*Pic: Poppet with a camera, Flickr
I am going through a personal crisis. I used to love reading. I am writing this blog in my office, surrounded by 27 tall bookcases laden with 5,000 books. Over the years I have read them, marked them up, and recorded the annotations in a computer database for potential references in my writing. To a large degree, they have formed my professional and spiritual life.
Books help define who I am. They have ushered me on a journey of faith, have introduced me to the wonders of science and the natural world, have informed me about issues such as justice and race. More importantly, they have been a source of delight and adventure and beauty, opening windows to a reality I would not otherwise know.
My crisis consists in the fact that I am describing my past, not my present. I used to read three books a week. One year I devoted an evening each week to read all of Shakespeare’s plays (Okay, due to interruptions it actually took me two years). Another year I read the major works of Tolstoy and Dostoevsky. But I am reading many fewer books these days, and even fewer of the kinds of books that require hard work.
The Internet and social media have trained my brain to read a paragraph or two, and then start looking around. When I read an online article from the Atlantic or the New Yorker, after a few paragraphs I glance over at the slide bar to judge the article’s length. My mind strays, and I find myself clicking on the sidebars and the underlined links. Soon I’m over at CNN.com reading Donald Trump’s latest tweets and details of the latest terrorist attack, or perhaps checking tomorrow’s weather.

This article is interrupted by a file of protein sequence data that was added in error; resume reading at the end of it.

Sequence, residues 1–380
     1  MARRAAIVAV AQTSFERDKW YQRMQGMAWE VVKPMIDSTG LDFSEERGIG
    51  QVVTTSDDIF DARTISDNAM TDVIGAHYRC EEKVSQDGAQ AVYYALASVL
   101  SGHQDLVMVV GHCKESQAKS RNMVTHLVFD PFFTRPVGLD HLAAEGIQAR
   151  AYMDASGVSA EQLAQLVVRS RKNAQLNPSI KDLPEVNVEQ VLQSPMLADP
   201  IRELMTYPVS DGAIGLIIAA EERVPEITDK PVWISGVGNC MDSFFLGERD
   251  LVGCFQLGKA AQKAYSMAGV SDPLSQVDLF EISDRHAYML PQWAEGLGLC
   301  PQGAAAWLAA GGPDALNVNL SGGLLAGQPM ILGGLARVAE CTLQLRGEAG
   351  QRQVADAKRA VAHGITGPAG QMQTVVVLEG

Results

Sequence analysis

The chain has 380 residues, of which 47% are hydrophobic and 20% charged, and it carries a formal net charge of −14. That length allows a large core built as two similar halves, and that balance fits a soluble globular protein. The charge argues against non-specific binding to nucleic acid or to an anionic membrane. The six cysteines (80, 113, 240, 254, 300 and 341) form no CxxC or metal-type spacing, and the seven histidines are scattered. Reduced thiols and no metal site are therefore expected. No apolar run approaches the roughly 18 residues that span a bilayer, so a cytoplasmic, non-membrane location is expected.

Worse, I fall prey to the little boxes that tell me, “If you like this article [or book], you’ll also like…” Or I glance at the bottom of the screen and scan the teasers for more engaging tidbits: 30 Amish Facts That’ll Make Your Skin Crawl; Top 10 Celebrity Wardrobe Malfunctions; Walmart Cameras Captured These Hilarious Photos. A dozen or more clicks later I have lost interest in the original article.
Neuroscientists have an explanation for this phenomenon. When we learn something quick and new, we get a dopamine rush; functional-MRI brain scans show the brain’s pleasure centers lighting up. In a famous experiment, rats keep pressing a lever to get that dopamine rush, choosing it over food or sex. In humans, emails also satisfy that pleasure center, as do Twitter and Instagram and Snapchat.
Nicholas Carr’s book “The Shallows” analyzes the phenomenon, and its subtitle says it all: “What the Internet Is Doing to Our Brains.” Carr spells out that most Americans, and young people especially, are showing a precipitous decline in the amount of time spent reading. He says, “Once I was a scuba diver in the sea of words. Now I zip along the surface like a guy on a Jet Ski.” A 2016 Nielsen report calculates that the average American devotes more than 10 hours per day to consuming media—including radio, TV, and all electronic devices. That constitutes 65 percent of waking hours, leaving little time for the much harder work of focused concentration on reading.
In “The Gutenberg Elegies,” Sven Birkerts laments the loss of “deep reading,” which requires intense concentration, a conscious lowering of the gates of perception, and a slower pace. His book hit me with the force of conviction. I keep putting off Charles Taylor’s “A Secular Age,” and look at my shelf full of Jürgen Multmann’s theology books with a feeling of nostalgia—why am I not reading books like that now … ?